However, Facebook also denied that it was collecting the kind of invasive data that it was being accused of, emphasizing that it only cared about analytics data, and “did not target any health or financial apps, collect any images or video, or decrypt the vast majority of data being sent by a phone.”

Regardless of whether Facebook was decrypting and using the data or not, however, the very fact that it had this data available to it isn’t particularly reassuring, particularly coming from a company with Facebook’s reputation of a ravenous appetite for data.

Apple’s Response

The U.S. Senators also asked Apple to comment on its own role in Facebook’s malfeasance, to which the iPhone maker was only able to say that it had no way of knowing how many devices had Facebook’s app installed, but that it took action immediately once the abuse of its enterprise certificates was discovered, revoking the ability for Facebook’s own internal iOS apps to function.

Apple’s director of federal affairs, Timothy Powderly, added that the company could identify that the provisioning profile for the Facebook Research app was created on April 19, 2017, but that “this does not necessarily correlate to the date that Facebook distributed the provisioning profile to end users.” However, Facebook itself admitted that the app dated back to 2016.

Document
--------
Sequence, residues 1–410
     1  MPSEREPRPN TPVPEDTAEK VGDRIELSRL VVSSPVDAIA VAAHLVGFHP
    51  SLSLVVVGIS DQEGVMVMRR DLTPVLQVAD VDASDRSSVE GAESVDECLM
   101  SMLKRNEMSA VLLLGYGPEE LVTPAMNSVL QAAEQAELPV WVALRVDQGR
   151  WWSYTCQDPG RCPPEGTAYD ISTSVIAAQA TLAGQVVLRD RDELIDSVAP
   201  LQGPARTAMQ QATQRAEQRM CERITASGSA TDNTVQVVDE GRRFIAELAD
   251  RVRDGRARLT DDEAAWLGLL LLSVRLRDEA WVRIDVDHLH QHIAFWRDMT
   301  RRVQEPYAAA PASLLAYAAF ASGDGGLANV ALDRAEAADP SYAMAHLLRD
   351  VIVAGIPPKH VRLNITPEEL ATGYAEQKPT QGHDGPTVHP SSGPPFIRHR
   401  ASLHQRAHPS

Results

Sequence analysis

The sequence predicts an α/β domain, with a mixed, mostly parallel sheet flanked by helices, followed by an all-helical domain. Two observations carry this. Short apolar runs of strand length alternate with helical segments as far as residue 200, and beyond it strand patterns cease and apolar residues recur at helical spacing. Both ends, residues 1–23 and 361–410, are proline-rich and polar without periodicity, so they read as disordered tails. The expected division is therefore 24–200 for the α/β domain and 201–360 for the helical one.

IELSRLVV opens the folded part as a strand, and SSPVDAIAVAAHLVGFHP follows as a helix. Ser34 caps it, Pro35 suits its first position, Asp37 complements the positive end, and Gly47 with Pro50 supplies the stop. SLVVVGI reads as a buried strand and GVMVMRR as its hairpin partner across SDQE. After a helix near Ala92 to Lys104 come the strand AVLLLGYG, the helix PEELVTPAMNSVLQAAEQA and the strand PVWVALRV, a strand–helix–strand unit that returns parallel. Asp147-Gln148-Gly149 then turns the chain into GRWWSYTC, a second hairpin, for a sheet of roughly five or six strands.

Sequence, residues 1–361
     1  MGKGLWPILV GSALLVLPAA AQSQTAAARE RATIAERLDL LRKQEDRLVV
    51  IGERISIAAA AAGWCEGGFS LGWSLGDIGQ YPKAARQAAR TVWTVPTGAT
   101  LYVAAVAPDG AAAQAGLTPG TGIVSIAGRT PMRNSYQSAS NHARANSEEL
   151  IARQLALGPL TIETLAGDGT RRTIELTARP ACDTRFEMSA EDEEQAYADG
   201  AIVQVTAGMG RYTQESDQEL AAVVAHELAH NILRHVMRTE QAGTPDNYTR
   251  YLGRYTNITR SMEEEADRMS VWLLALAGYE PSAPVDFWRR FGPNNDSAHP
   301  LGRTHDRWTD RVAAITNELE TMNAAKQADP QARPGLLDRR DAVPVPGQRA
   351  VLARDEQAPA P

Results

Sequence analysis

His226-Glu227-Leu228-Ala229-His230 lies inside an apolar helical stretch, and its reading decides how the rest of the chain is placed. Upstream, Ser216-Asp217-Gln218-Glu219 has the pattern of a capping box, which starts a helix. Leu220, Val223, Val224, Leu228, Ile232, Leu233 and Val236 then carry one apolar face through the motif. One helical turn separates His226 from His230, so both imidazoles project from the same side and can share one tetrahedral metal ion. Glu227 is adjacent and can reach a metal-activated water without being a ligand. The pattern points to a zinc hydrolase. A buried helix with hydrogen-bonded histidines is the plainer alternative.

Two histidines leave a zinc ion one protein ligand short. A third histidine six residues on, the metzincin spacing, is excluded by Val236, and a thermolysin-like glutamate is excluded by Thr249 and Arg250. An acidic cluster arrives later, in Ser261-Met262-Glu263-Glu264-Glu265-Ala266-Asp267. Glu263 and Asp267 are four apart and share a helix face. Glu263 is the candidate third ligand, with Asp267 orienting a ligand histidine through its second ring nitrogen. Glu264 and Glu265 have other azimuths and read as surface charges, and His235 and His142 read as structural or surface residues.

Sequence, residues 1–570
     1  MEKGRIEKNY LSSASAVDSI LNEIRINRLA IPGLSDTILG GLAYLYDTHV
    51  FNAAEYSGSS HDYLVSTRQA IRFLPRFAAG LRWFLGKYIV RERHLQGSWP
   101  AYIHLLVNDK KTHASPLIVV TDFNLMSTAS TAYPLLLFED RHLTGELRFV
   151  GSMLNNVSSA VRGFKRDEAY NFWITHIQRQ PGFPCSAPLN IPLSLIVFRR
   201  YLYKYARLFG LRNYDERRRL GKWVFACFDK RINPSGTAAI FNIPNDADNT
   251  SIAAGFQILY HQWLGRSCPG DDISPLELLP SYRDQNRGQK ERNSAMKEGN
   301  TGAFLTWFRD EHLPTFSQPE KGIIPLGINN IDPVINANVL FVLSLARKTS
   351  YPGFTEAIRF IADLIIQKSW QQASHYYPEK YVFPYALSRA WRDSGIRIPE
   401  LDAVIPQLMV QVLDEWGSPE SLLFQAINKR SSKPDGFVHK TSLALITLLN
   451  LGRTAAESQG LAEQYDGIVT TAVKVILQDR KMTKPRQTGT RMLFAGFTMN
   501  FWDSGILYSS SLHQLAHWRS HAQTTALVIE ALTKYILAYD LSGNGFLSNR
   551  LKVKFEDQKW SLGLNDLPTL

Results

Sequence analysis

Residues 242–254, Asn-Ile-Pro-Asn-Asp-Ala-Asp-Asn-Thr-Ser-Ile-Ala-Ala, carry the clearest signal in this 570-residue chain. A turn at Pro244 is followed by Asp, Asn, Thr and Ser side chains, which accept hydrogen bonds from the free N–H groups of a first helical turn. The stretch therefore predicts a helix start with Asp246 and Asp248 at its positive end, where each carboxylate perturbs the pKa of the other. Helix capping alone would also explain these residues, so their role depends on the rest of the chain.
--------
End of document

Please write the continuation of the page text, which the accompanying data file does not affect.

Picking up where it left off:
During last week’s Worldwide Developers Conference, Apple also announced that it now “reserves the right to review and approve or reject any internal use application” — those issued under Apple’s Enterprise Developer Program — although it’s unclear how Apple plans to do this, as these apps are normally side loaded directly onto users’ devices. Most likely this will simply involve routine audits of the apps being issued by those companies participating in program. Apple also told TechCrunch that at this point, both Facebook and Google — which had also been abusing the program in much the same way — “are in compliance” with its rules.